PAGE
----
Rachel Kenny

August 2023


‘What are we waiting for?’ Performance. Shown to a small audience at KuBa. A tribute to Ashling Murphy. 1998-2022.

Using monoprint technique, I scrawl her name through the ink and print onto my body which is then transferred to the wall. Now she rests, dancing in Germany. The weather while I was in KuBa had been beautiful, I arrived during a heatwave. On this Sunday when we were showcasing our work to the community, the weather had taken a small bit of a turn. The sky was grey but it was still warm and dry. We’d moved from Merlijne’s location to mine and as I’m preparing my ink, my body, the rain starts to pour. The studio where I was performing has no doors, it’s just an open box, so the rain was everywhere. A few minutes later, covered in ink, I’m standing back, finished with my work and the rain stops. We laughed about it later saying Ireland really came with me but then we thought maybe it was just Ashling saying hello.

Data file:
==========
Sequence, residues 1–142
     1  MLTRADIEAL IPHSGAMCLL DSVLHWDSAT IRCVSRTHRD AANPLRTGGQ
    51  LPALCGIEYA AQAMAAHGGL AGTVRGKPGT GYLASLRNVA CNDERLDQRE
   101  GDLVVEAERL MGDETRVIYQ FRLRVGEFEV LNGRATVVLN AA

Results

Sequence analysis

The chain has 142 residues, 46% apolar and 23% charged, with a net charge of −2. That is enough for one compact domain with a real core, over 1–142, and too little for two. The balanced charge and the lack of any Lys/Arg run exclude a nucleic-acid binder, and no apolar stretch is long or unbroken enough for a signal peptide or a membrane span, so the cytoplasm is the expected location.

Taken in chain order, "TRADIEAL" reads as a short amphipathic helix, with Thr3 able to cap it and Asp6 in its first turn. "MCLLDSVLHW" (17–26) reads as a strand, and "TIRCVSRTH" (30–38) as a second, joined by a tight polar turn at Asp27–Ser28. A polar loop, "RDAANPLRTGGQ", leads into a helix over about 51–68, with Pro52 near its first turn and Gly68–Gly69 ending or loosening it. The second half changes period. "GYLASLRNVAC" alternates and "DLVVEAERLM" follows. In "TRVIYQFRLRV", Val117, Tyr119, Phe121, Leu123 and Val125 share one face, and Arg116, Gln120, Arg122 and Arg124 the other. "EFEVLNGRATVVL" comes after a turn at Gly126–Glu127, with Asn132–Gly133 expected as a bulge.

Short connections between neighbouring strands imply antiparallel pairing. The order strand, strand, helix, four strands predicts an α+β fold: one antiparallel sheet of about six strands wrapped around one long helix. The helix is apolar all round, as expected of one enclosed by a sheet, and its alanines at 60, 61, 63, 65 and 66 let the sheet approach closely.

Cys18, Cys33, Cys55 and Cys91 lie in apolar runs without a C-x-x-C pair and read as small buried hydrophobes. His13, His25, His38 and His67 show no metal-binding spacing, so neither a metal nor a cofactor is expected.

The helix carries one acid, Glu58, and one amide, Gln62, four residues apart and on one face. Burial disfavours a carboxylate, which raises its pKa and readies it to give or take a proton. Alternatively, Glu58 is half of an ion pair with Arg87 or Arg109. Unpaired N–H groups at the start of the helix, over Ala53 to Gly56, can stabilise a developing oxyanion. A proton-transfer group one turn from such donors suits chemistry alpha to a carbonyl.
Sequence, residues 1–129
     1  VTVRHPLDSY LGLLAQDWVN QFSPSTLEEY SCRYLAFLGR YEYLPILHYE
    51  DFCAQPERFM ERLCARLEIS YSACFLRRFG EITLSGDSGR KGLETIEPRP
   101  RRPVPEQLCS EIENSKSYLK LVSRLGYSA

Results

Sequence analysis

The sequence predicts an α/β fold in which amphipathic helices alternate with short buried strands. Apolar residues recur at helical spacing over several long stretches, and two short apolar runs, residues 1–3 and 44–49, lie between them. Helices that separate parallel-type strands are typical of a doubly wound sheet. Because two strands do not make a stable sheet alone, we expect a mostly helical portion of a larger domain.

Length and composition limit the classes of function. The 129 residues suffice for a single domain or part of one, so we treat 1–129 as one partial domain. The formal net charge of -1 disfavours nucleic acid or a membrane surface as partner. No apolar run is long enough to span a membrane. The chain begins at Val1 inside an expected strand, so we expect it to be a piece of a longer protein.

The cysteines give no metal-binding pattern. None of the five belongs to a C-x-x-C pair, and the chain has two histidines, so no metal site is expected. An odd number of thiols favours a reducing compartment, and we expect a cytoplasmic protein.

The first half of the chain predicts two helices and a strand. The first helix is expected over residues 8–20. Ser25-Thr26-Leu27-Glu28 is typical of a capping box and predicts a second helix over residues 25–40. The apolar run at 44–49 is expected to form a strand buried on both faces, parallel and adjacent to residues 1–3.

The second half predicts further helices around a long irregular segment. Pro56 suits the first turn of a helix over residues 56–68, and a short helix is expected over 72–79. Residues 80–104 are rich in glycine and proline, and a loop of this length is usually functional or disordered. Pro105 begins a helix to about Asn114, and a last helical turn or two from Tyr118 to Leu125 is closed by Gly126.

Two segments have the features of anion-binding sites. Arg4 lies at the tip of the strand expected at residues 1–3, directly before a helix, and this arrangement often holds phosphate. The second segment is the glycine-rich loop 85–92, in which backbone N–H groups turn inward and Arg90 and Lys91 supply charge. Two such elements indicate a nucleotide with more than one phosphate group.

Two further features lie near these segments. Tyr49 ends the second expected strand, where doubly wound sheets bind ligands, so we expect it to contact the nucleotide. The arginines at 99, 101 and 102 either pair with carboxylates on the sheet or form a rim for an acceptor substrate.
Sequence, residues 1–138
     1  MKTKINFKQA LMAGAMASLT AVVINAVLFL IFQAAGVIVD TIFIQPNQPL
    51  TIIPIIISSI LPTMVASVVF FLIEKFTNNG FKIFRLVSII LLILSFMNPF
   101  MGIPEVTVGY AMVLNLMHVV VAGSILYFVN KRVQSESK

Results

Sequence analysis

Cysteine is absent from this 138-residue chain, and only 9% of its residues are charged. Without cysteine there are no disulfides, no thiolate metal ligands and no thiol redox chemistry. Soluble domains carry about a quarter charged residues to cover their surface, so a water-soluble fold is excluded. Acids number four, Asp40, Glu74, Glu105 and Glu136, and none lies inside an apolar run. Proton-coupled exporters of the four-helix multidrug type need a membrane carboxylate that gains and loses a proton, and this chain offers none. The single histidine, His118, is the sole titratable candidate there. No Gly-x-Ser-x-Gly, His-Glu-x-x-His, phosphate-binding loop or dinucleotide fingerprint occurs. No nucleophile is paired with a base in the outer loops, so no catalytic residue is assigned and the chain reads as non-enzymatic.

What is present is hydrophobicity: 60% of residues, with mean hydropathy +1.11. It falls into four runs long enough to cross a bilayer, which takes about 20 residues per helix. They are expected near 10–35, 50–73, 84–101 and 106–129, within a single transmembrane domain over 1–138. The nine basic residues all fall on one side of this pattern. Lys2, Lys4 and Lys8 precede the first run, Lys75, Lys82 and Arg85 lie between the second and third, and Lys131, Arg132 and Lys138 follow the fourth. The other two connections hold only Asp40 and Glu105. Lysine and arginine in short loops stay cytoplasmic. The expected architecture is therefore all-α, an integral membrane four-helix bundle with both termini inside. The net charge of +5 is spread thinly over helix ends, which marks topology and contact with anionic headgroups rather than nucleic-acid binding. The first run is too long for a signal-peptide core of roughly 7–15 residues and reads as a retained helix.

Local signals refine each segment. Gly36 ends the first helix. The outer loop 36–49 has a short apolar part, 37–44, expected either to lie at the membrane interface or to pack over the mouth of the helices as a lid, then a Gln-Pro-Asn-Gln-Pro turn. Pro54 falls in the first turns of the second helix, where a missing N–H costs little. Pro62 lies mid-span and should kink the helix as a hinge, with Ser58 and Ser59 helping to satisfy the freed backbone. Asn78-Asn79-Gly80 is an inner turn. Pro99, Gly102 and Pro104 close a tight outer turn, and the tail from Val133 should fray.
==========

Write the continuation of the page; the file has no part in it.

Prior to this work, I had begun to explore the field of Developmental Trauma Disorder (DTD) and its impact on our society and the violence epidemic we are currently living through. DTD, while acknowledged by members of the National Child Traumatic Stress Network, failed to make its way into the DSM-V, being seen as “clinical intuition” despite evidence presented from a number of DSM-V field trials with many person-based research assessments having been investigated since the 1970s. When we can acknowledge that traumatised children need specific care and treatment and not premature diagnoses and medication prescriptions, will we begin to finally treat this cycle of violence and abuse? It is understandable to condemn such questions, as it pertains to a sense of excusing violent attacks, which can feel disrespectful to victims. But in order to heal as a society, we cannot continue to point fingers in blame, we must begin to look for solutions. We must begin to look at preventative measures for as it stands, punishment and consequences have evidently had no effect. The title “What are we waiting for?” suggests that while new laws have been put in place since this tragedy, still we are faced with overwhelming cases of violence against women. It poses the question as to whether it’s time we take a newer, alternative approach and to remind us that it is within OUR power to make a change. Ashling was born the same year as I. We lived in the same county at the same time, only her running route was much prettier than mine. Did my inability to afford Dublin City rent prices save me that day? She could’ve been any of us. I hope she has found peace.